COLUMBIA -- Sheriff's deputies disproportionately stop and warn black drivers in more than half of South Carolina's counties, an analysis of records by The State newspaper has found.
Law enforcement officials in those counties, including Richland and Lexington, say the numbers do not mean their officers are deliberately targeting drivers because of their race -- a practice commonly called racial profiling.
State troopers -- the target of scrutiny in the wake of recent racially charged allegations about how they treat black motorists -- stopped and warned black drivers at roughly the same rate as the state's black population.
"When you put all of the numbers together and all of the incidents together," Department of Public Safety spokesman Sid Gaulden said, "you won't find a systemic pattern of misconduct or discrimination."
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Lonnie Randolph, president of the state NAACP, said, though, racial profiling remains a "major concern" of his organization.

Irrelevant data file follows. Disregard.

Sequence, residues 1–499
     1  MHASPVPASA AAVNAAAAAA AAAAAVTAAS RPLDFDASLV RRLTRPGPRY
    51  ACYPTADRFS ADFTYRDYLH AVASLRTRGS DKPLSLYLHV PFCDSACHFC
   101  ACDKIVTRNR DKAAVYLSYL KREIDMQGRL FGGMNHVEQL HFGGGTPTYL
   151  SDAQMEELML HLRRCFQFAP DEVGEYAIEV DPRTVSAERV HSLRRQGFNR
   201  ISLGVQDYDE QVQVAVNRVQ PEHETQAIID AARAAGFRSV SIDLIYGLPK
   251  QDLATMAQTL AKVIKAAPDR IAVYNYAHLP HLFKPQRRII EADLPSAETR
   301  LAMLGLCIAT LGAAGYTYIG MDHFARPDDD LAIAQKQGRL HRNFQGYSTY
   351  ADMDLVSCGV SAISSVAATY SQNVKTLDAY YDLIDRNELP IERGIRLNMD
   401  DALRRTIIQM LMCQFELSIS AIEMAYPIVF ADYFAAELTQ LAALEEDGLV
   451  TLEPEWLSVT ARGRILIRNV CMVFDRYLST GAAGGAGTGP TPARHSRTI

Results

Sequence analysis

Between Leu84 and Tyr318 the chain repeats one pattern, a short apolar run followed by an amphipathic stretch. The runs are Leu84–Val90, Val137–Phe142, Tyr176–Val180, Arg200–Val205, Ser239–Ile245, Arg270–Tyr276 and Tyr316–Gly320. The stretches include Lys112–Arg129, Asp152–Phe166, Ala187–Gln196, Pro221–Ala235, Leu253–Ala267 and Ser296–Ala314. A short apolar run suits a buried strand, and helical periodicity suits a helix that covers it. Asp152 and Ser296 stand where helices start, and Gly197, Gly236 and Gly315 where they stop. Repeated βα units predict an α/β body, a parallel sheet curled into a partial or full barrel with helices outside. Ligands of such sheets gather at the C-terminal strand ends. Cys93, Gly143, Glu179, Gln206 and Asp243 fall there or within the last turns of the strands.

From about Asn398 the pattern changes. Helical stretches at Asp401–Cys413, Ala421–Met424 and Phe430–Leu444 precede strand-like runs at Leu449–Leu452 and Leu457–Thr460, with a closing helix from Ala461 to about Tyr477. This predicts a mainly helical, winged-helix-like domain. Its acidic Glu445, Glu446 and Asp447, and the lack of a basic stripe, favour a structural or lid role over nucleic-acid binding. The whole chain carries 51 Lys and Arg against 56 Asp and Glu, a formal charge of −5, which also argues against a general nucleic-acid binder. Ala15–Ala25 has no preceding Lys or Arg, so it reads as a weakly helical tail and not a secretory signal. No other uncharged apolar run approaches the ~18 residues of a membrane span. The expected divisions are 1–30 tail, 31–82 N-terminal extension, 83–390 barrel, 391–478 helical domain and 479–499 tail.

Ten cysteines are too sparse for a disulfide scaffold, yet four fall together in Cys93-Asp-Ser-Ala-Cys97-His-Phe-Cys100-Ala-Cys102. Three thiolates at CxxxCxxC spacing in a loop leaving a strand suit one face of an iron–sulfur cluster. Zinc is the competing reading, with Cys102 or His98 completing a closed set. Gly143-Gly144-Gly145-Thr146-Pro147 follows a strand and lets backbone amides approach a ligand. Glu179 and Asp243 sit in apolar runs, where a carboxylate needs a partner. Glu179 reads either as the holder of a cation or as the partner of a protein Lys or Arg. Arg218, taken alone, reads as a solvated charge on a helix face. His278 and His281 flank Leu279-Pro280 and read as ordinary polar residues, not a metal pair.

"Racism is still a problem in America and in South Carolina," he said. "We cannot deny it."
Public Safety director James Schweitzer and Highway Patrol commander Col. Russell Roark resigned under fire Feb. 29 after Gov. Mark Sanford said they were too lenient on a white trooper shown on a videotape using a racial slur against a fleeing black suspect during a 2004 traffic stop in Greenwood County.
The U.S. attorney for South Carolina, the FBI, the Justice Department and the State Law Enforcement Division have launched investigations into possible civil rights violations stemming from that incident and others caught on videotape -- including two in which troopers struck suspects fleeing on foot with their patrol vehicles.
Under a law that took effect in July, all police agencies must report to the Department of Public Safety the race, gender and age of all drivers who are stopped and issued warnings but not given tickets or arrested.